History Breaking: U.S. Supreme Court Recognizes Right to Same-Sex Marriage

The U.S. Supreme Court has declared same-sex couples have a constitutional right to be married, in a 5-4 decision citing the Fourteenth Amendment, which declares that all citizens have equal rights.


Justice Anthony Kennedy, long considered to be the swing vote on this issue, read the Court’s decision from the bench. The rest of the Court’s traditional conservatives all dissented and wrote lengthly opinions stridently opposing LGBT equality.

The Court majority held that the Constitution requires a state to license a marriage between two people of the same sex, and to recognize a marriage between two people of the same sex when a marriage was lawfully licensed and performed out of state. Before Friday's ruling, same-sex couples could marry in three dozen states, but federal appeals courts have disagreed over whether states must allow and recognize the marriages.

"It is now clear that the challenged laws burden the liberty of same-sex couples, and it must be further acknowledged that they abridge central precepts of equality... especially against a long history of disapproval of their relationships, this denial to same-sex couples of the right to marry works a grave and continuing harm," the majority opinion read. "The imposition of this disability on gays and lesbians serves to disrespect and subordinate them. And the Equal Protection Clause, like the Due Process Clause, prohibits this unjustified infringement of the fundamental right to marry."

It concludes, "No union is more profound than marriage, for it embodies the highest ideals of love, fidelity, devotion, sacrifice, and family... [The challengers] ask for equal dignity in the eyes of the law. The Constitution grants them that right."

While the ruling was expected based on past opinions by Kennedy, it is still a major civil rights milestone. It also appears not to change the legal landscape to make it harder to challenge LGBT discrimination in existing state law, or its absence of protections by intentional omission, which is what equality activists have been hoping for.

The majority bases its conclusion that same-sex marriage is a fundamental right on "four principles and traditions":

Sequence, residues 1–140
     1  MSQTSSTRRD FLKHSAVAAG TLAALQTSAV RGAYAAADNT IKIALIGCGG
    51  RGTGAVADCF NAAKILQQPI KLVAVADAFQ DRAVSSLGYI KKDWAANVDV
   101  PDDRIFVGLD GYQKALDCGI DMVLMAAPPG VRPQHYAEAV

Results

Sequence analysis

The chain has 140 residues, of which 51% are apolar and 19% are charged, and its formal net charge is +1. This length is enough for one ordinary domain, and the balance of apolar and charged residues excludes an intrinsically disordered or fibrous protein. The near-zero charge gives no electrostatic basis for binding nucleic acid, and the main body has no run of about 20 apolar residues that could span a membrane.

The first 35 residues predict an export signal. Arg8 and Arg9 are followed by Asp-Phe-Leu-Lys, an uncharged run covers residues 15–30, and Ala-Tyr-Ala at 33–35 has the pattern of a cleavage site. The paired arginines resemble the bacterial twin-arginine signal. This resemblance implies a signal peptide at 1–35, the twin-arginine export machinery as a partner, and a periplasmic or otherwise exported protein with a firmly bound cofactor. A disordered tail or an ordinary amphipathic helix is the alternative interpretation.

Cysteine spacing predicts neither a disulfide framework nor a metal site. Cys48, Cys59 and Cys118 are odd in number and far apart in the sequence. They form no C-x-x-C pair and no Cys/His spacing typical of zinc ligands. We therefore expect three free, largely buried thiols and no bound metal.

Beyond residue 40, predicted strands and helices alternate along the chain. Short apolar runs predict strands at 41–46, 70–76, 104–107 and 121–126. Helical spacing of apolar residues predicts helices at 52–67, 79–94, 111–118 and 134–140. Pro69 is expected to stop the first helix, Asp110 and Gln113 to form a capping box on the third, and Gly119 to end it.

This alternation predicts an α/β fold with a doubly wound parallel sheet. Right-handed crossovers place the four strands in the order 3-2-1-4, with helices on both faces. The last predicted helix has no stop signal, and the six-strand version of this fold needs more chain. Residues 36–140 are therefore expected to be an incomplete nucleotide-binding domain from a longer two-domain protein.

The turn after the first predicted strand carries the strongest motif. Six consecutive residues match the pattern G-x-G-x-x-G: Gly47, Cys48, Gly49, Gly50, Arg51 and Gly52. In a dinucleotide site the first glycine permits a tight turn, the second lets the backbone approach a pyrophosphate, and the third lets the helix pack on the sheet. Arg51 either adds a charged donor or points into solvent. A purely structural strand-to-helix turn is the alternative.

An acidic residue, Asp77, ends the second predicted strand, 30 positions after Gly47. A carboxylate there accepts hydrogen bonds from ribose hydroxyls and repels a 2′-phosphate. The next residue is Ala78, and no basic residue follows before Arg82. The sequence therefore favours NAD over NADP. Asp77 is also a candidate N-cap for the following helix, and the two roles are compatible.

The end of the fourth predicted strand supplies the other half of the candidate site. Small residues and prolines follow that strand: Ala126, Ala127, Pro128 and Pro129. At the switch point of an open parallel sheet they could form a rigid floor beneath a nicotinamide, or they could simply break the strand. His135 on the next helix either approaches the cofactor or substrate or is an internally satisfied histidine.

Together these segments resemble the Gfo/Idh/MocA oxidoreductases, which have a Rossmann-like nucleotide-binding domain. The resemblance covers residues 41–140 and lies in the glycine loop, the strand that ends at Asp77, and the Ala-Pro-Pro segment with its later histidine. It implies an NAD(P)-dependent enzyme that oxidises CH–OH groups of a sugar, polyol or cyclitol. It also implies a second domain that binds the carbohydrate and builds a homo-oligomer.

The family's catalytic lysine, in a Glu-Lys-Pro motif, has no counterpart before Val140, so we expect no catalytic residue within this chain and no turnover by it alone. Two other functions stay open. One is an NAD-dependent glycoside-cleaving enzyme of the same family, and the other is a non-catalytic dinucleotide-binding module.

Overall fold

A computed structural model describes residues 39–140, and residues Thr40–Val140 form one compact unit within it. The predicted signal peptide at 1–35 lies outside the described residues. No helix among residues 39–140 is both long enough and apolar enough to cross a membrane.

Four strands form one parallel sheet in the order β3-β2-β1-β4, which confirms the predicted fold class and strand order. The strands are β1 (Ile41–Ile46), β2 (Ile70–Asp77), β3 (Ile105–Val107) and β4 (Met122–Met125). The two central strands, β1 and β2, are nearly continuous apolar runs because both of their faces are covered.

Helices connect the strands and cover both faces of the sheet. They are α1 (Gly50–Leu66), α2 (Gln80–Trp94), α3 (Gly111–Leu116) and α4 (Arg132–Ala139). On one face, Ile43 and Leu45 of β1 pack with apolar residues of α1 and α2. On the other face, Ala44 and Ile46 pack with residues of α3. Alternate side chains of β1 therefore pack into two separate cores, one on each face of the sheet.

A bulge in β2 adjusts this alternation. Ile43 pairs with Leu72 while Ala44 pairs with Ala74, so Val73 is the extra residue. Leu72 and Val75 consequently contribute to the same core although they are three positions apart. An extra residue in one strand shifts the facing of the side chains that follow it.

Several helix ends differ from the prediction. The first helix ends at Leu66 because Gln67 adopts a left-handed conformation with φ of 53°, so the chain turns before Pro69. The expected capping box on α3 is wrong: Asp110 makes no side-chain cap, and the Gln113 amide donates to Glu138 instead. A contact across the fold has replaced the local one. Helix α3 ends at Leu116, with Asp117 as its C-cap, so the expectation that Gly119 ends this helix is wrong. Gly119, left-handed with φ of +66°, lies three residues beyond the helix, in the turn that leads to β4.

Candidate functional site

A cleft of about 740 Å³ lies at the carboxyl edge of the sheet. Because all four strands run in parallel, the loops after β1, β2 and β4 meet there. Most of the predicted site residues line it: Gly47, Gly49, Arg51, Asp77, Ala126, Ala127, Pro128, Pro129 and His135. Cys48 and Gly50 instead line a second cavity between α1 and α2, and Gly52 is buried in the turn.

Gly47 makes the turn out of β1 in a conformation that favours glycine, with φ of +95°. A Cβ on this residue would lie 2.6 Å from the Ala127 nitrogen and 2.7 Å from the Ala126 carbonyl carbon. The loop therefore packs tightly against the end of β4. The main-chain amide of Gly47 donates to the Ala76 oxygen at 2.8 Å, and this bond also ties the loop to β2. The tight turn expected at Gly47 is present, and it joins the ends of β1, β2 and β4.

• The right to person choice in marriage is "inherent in the concept of individual autonomy."
  • "Two-person union unlike any other in its importance to the committed individuals."
  • Marriage safeguards children and families.
  • Marriage is a keystone to our social order.

The dissenting opinions were very strident, though Chief Justice John Roberts took a more measured tone when commenting from the bench. He said the victors should celebrate, but he would have preferred that states work this issue out on their own.

"Those who founded our country would not recognize the majority’s conception of the judicial role," Roberts wrote. "They after all risked their lives and fortunes for the precious right to govern themselves. They would never have imagined yielding that right on a question of social policy to unaccountable and unelected judges. And they certainly would not have been satisfied by a system empowering judges to override policy judgments so long as they do so after 'a quite extensive discussion.'"

Justice Antonin Scalia, the most Court's outspoken conservative, said in a footnote accompanying his dissent, "If, even as the price to be paid for a fifth vote, I ever joined an opinion for the Court that began: ‘The Constitution promises liberty to all within its reach, a liberty that includes certain specific rights that allow persons, within a lawful realm, to define and express their identity,’ I would hide my head in a bag. The Supreme Court of the United States has descended from the disciplined legal reasoning of John Marshall and Joseph Story to the mystical aphorisms of the fortune cookie."

The LGBT equality movement will now shift its focus in many states where conservative governors and lawmakers have vowed not to abide by the decision, and where litigation may go on for years to secure a wider array of equality rights under the law. As was the case in the late 1960s when the Court legalized interracial marriage, there is likely to be a cultural backlash that will emerge, and fade away after a few years.

President Obama, speaking at the White House, praised the ruling while alluding to the long and ongoing struggle for civil rights.

"It will end the uncertainty hundreds of thousands of same-sex couples face from not knowing whether their marriage, legitimate in the eyes of one state, will remain if they decide to move [to] or even visit another," he said. "This ruling will strengthen all of our communities by offering to all loving same-sex couples the dignity of marriage across this great land."
 
"In my second inaugural address, I said that if we are truly created equal, then surely the love we commit to one another must be equal as well," he continued. "It is gratifying to see that principle enshrined into law by this decision."

(This report will be updated throughout the morning as the formal decision is released and reactions are issued.)

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